Currently reading: Hotter Toyota GT86 could go hybrid
Chief project engineer explains why electric boost may make more sense than turbocharging or supercharging

A high-performance petrol-electric hybrid version of the GT86 sports car is under consideration at Toyota, Autocar can reveal. 

According to chief engineer Tetsuya Tada, all routes remain open to conjuring more performance from the rear-driven two-seater, with an eye on the creation of a faster and more focussed version of the acclaimed rear-drive coupe to be released later in the car’s lifecycle. 

“I’ve been asked a lot about a turbocharging,” Tada told us. “We are already working on a mid-life facelift for the car, and we are investigating both turbocharging and supercharging too,” he added. “But an electric motor assistance solution is also possible, and would bring benefits that forced induction does not.”

Toyota took the wraps off a conceptual convertible version of the GT86 at the Geneva show, which is almost certain to make production. It nearly didn't, however. “The management considered the GT86 very risky,” Tada said. “They wanted proof that the ’86 coupe would hit its sales targets before they would sign off on a convertible.

"Now that they have that proof, we can begin to think about other development ideas for the car. But we must guard against compromising any of the key virtues of the standard GT86 in the pursuit of more power.”

An electric motor assist solution, Tada suggested, could provide a substantial low-rpm torque boost for the naturally aspirated engine without affecting throttle response or compromising on fuel economy or emissions. 

Similar to the ‘IMA’ system used on the Honda CRZ, the hybrid system would be much cheaper and simpler than the one used on the Prius economy car. The batteries, meanwhile, could be used to lower the car’s centre of gravity even further.

The Toyota engineer suggested that the weight added by such a system could at least partly be offset, and that experimental underbody aerodynamic parts could be used to adjust the car’s handling balance should weight distribution be affected.

“Our TRD tuning department has found it easy to take 100kg out of the kerbweight, and have developed certain underbody fins and plates that can be employed to alter the dynamic balance of the car, to increase or reduce oversteer at medium and high speeds. They have quite a pronounced effect,” he said.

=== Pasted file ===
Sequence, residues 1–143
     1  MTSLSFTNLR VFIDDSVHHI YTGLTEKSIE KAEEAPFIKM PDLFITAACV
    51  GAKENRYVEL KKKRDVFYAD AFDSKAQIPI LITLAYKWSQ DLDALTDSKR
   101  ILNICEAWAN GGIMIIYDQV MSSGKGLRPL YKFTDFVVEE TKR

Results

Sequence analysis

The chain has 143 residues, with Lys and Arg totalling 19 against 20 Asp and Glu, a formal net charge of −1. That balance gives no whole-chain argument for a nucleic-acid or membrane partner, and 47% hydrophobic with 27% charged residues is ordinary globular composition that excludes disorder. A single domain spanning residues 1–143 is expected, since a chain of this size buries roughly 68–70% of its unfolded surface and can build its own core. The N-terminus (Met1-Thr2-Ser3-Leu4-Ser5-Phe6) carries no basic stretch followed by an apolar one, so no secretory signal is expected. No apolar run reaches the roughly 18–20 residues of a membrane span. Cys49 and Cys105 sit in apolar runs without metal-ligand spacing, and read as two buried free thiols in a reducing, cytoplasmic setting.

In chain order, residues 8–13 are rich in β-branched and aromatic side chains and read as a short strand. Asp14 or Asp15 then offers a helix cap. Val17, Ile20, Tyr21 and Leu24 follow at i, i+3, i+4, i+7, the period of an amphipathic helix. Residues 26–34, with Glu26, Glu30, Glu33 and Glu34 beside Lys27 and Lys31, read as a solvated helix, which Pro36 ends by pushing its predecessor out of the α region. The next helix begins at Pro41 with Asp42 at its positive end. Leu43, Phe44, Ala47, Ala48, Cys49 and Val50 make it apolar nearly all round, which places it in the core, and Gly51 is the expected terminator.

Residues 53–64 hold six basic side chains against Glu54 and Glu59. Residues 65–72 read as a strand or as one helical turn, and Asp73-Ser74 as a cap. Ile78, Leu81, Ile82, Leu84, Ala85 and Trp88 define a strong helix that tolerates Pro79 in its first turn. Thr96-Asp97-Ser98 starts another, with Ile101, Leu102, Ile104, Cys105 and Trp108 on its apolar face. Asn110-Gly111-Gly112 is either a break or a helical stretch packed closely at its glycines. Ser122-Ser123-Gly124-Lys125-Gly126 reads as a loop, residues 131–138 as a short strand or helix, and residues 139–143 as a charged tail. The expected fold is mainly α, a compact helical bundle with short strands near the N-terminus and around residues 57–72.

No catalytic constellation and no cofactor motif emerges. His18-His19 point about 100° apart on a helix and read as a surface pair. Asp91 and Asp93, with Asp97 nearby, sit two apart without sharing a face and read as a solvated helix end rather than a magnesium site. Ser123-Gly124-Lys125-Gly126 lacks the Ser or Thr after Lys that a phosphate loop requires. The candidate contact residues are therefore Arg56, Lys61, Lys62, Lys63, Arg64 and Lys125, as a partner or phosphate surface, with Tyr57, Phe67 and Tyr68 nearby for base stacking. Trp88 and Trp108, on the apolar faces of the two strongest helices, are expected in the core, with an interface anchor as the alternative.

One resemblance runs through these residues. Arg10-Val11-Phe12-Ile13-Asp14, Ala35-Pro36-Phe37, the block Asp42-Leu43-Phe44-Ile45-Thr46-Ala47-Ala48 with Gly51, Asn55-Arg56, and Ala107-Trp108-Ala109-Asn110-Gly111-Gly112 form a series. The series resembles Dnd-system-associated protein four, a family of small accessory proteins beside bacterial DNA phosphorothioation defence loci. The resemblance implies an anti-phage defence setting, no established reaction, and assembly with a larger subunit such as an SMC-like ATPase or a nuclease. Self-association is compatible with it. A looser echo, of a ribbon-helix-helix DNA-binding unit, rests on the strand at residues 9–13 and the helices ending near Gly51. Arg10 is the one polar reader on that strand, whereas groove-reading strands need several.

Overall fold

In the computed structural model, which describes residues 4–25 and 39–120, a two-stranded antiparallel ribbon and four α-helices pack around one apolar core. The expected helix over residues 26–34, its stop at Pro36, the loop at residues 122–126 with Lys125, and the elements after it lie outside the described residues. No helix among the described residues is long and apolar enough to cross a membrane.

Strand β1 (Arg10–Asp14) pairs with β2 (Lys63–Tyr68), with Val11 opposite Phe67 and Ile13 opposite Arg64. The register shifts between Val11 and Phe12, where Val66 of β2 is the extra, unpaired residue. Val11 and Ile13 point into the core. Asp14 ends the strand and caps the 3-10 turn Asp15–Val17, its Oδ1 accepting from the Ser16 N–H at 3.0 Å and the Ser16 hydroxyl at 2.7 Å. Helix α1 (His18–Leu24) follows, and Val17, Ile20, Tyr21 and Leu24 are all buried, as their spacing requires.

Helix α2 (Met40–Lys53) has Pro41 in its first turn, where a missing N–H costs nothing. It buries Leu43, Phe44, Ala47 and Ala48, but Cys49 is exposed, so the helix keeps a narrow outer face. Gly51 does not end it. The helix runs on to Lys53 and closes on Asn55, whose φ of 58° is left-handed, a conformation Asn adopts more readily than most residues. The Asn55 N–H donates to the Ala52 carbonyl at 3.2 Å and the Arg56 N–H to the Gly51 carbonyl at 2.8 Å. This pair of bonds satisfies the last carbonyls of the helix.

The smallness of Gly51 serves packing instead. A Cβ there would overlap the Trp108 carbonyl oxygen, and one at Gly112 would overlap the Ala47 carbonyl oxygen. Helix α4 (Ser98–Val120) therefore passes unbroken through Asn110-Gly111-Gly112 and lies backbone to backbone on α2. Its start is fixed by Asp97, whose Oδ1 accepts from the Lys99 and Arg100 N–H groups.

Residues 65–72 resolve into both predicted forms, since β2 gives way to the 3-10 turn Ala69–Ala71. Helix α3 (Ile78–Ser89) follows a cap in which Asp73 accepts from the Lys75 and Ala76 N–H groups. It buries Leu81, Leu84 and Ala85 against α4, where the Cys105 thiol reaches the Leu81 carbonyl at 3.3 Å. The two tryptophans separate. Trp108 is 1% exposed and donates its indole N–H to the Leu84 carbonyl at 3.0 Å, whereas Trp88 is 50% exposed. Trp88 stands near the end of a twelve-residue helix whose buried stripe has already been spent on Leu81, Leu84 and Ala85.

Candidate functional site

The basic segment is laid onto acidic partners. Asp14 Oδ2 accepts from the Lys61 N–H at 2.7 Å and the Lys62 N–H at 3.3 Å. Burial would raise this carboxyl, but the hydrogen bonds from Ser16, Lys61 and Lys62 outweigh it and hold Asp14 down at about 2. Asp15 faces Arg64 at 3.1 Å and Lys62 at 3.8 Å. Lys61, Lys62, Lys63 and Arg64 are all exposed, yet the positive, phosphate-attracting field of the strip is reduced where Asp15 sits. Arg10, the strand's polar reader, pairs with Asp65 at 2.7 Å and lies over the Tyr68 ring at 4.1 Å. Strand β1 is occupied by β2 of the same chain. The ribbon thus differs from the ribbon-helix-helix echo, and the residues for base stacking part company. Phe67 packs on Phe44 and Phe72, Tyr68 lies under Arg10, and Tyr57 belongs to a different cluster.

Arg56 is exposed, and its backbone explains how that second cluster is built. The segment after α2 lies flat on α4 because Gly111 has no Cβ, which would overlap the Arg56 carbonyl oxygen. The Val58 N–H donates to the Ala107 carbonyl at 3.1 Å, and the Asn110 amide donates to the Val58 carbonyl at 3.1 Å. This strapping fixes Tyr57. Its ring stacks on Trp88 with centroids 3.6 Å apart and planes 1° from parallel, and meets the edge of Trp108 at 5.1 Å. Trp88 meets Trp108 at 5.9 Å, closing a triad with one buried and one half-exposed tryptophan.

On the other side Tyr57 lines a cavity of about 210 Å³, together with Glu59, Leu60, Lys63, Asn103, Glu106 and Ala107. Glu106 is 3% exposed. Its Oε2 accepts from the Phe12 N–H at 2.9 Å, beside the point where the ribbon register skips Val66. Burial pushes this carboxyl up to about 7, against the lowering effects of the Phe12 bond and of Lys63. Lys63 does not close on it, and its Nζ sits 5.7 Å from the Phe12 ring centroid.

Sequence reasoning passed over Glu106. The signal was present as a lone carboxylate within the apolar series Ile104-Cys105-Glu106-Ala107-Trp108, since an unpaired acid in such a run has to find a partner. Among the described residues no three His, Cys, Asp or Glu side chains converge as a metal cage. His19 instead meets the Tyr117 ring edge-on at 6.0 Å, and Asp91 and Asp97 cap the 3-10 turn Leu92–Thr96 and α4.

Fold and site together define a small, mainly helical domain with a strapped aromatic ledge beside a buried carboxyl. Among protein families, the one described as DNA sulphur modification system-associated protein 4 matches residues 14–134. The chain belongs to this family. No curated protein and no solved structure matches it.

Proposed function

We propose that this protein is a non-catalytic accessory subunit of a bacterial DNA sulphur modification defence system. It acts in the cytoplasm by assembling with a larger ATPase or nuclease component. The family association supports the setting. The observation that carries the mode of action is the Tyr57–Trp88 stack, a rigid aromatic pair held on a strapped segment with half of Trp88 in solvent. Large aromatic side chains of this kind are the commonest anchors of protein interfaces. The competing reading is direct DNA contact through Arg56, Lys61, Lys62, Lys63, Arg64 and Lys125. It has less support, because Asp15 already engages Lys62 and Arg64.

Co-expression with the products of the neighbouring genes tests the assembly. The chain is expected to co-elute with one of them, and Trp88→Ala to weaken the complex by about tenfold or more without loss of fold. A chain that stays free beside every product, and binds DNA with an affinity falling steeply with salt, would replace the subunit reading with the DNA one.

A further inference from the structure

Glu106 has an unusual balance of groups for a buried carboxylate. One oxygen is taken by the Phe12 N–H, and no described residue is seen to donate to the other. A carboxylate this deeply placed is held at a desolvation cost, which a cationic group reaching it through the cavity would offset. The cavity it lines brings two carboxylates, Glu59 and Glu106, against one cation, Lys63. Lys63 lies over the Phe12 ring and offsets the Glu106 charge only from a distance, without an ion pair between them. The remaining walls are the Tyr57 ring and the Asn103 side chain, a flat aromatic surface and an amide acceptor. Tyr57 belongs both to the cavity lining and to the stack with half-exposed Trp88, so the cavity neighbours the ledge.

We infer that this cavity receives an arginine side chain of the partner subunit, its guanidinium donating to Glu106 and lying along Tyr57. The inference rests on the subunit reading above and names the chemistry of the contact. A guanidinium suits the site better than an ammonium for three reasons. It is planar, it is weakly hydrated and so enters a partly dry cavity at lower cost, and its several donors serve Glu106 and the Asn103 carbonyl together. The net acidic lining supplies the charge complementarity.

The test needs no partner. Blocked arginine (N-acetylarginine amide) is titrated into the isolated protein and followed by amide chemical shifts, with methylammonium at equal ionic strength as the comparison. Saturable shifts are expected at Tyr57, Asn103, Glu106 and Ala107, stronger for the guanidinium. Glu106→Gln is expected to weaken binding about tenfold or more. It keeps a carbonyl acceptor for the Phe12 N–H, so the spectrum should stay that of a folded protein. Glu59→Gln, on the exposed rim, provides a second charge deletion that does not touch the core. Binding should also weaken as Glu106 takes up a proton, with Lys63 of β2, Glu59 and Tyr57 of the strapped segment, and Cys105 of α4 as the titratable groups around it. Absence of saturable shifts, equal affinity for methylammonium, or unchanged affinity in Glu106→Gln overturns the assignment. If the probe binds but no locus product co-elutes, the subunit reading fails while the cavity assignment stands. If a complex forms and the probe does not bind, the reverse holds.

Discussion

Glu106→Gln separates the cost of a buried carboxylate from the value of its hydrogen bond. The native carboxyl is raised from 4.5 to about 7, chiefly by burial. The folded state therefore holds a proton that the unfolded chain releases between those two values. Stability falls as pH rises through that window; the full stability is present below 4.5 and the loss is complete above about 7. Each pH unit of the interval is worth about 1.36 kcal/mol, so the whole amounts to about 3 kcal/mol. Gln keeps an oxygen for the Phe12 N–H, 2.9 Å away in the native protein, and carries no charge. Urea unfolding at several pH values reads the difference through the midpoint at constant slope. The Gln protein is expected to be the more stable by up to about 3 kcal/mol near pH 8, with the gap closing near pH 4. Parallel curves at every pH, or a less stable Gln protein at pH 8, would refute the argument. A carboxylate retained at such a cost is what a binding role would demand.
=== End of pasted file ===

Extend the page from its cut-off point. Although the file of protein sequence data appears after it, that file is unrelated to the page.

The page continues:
Matt Saunders

Matt Saunders Autocar
Title: Road test editor

As Autocar’s chief car tester and reviewer, it’s Matt’s job to ensure the quality, objectivity, relevance and rigour of the entirety of Autocar’s reviews output, as well contributing a great many detailed road tests, group tests and drive reviews himself.

Matt has been an Autocar staffer since the autumn of 2003, and has been lucky enough to work alongside some of the magazine’s best-known writers and contributors over that time. He served as staff writer, features editor, assistant editor and digital editor, before joining the road test desk in 2011.

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Since then he’s driven, measured, lap-timed, figured, and reported on cars as varied as the Bugatti Veyron, Rolls-Royce PhantomTesla RoadsterAriel Hipercar, Tata Nano, McLaren SennaRenault Twizy and Toyota Mirai. Among his wider personal highlights of the job have been covering Sebastien Loeb’s record-breaking run at Pikes Peak in 2013; doing 190mph on derestricted German autobahn in a Brabus Rocket; and driving McLaren’s legendary ‘XP5’ F1 prototype. His own car is a trusty Mazda CX-5.

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imrannazish 30 July 2017

Agreed and Thumbs UP

100kg weight saving mentioned is a result of deleting the starter motor, alternator and heavy 12 volt battery - all items which could be redundant with a well designed hybrid.

Charles23056 19 April 2016


Yes Please, Loving this :)
tauseefoutlook 23 November 2014

I'm A Fan of Hybrid Cars


Since I saw the first Hybrid Car in an auto expo, I've become a fan of Hybrid Cars. I find the looks of Hybrid cars better compare to the petrol only cars and the fuel efficiency is awesome. All it could say is that it is the future.